There still remain some questions about the value of IPv6 to the enterprise, and it is worth conceding that each organization needs to evaluate the benefits of IPv6 carefully for their own internal use and determine the best time for its introduction. In many instances, organizations can find clever ways to use IPv6 to solve “pain” issues without migrating their entire network. Adoption can occur in an incremental fashion with a plan that minimizes integration pain but also ensures that everything is ready when the time comes to “flip the switch.” As the case studies in Chapter 10 show, well-planned introduction costs less than you would expect; the step-by-step introduction allows you to learn as you go, thereby saving a lot of money and headaches, and you can do it without putting the current IPv4 infrastructure at risk.

But with all these thoughts and considerations, let’s not forget the most essential advantage of IPv6. With its new structure and extensions, IPv6 provides the foundation for a new generation of services. There will be devices and services on the market in the near future that cannot be developed with IPv4. This opens up new markets and business opportunities for vendors and service providers alike. The first-mover opportunities are substantial, as are the opportunities to extend current product lifecycles by refreshing their technology with IPv6. On the other hand, it means that organizations and users will require such services in the mid-term. It is therefore advisable to integrate the new protocol carefully and in a nondisruptive manner, by taking one step at a time to prepare the infrastructure for these new services. This protects you from having to introduce a business-critical application based on IPv6 with no time for thorough planning and unreasonably high cost.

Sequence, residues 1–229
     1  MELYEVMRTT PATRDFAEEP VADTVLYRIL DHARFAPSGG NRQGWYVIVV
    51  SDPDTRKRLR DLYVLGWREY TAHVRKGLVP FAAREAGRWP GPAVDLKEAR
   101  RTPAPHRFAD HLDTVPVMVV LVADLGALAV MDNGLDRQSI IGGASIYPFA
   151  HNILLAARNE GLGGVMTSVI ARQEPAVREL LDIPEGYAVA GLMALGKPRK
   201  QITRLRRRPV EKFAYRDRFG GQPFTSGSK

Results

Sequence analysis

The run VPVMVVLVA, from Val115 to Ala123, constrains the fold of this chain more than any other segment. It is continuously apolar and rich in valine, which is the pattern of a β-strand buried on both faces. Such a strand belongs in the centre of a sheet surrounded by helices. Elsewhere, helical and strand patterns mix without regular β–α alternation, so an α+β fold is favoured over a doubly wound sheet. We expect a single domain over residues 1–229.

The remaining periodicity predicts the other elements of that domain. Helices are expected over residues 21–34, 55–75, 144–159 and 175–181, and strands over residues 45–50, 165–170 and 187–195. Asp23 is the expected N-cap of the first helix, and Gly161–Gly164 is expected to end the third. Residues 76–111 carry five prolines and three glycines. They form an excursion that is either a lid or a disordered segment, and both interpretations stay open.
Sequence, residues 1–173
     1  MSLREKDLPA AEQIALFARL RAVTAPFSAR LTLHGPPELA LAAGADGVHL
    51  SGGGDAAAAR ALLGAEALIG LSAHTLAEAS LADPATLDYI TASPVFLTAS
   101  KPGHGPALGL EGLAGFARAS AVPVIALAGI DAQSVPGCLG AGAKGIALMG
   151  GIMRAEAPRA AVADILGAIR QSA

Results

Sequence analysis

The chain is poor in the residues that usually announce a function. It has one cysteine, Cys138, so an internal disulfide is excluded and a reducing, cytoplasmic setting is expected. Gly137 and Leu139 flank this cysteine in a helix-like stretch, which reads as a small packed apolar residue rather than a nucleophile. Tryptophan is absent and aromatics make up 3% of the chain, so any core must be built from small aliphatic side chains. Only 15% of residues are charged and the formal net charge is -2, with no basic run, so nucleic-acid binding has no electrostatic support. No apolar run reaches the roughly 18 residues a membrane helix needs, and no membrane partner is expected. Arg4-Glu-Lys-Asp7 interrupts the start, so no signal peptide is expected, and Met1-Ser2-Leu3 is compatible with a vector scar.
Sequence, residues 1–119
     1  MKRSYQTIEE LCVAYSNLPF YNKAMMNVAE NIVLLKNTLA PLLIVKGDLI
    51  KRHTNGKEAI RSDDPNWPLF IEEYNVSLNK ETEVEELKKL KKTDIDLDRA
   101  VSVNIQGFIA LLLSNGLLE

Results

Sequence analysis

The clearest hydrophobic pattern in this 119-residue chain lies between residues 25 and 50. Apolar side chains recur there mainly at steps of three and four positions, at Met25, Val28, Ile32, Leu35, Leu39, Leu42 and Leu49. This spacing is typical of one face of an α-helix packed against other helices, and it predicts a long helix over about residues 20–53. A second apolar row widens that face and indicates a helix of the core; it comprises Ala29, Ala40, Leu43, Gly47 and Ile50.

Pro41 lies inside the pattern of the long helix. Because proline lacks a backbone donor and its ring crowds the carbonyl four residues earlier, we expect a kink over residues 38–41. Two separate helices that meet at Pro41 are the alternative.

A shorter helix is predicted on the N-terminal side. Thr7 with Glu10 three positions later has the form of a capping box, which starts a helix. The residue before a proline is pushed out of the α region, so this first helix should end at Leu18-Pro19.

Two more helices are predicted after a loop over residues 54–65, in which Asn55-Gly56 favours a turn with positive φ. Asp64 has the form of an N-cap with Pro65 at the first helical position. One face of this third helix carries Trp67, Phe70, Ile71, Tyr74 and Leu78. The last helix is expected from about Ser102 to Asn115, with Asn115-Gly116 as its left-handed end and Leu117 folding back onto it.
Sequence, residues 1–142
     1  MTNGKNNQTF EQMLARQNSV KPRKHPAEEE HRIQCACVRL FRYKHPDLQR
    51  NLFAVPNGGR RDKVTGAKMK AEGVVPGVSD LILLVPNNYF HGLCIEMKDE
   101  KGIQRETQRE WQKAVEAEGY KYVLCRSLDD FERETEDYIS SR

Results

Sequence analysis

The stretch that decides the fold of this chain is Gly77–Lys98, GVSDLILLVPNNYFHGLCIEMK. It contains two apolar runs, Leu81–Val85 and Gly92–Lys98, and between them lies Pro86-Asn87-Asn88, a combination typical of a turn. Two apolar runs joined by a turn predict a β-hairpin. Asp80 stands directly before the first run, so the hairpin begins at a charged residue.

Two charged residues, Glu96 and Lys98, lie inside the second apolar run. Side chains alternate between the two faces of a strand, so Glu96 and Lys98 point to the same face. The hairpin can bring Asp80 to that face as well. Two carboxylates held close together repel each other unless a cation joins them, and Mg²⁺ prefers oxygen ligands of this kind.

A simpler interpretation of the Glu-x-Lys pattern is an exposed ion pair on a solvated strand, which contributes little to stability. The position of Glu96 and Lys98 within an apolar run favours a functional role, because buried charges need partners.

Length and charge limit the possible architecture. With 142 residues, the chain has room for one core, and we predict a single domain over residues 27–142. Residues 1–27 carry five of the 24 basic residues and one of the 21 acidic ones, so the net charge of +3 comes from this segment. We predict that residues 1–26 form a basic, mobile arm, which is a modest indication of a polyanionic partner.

Common Misconceptions

When considering all these advantages, maybe the question should be: “Why not IPv6?” When talking to customers, we often find that they share a similar set of misconceptions preventing them from considering IPv6. Here are the most common ones:

“The introduction of IPv6 puts our current IP infrastructure—our networks and services—at risk.”

This concern is unsubstantiated. A major focus in IPv6’s development was to create integration mechanisms that allow both protocols to coexist peacefully. You can use IPv6 both in tandem with and independently of IPv4. It is possible to introduce IPv6 and use it for access to new services while retaining IPv4 to access legacy services. This not only ensures undisrupted access to IPv4 services, but it also allows a step-by-step introduction of IPv6. I discuss these mechanisms in Chapter 10.

“The IPv6 protocol is immature and hasn’t proven that it stands the test of time or whether it is capable of handling the requirements.”

This is only partially true. IPv6 has been implemented in most router and operating systems for almost a decade, and has been tested and optimized extensively. There are substantial international research efforts and test networks for deployment that are further optimizing integration methods. One of the largest tests currently running is Moonv6 (http://www.moonv6.com). Moonv6 is a test network where the U.S. Department of Defense (DoD), IPv6 developers and vendors, and various academic and industry bodies conduct extensive interoperability and conformance testing of the IPv6 base features, as well as extended features such as quality of service, mobility, and security. You can find a more detailed description of Moonv6 in Chapter 10.

“The costs of introducing IPv6 are too high.”

There will certainly be costs associated with adopting IPv6. In many cases, newer networks will find that the level of IPv6 support in their current infrastructure is actually high. Regardless, the transition will necessitate some hardware and software costs. Organizations will need to train their IT staff, and, depending on the speed at which integration must occur, they may need to seek outside expertise.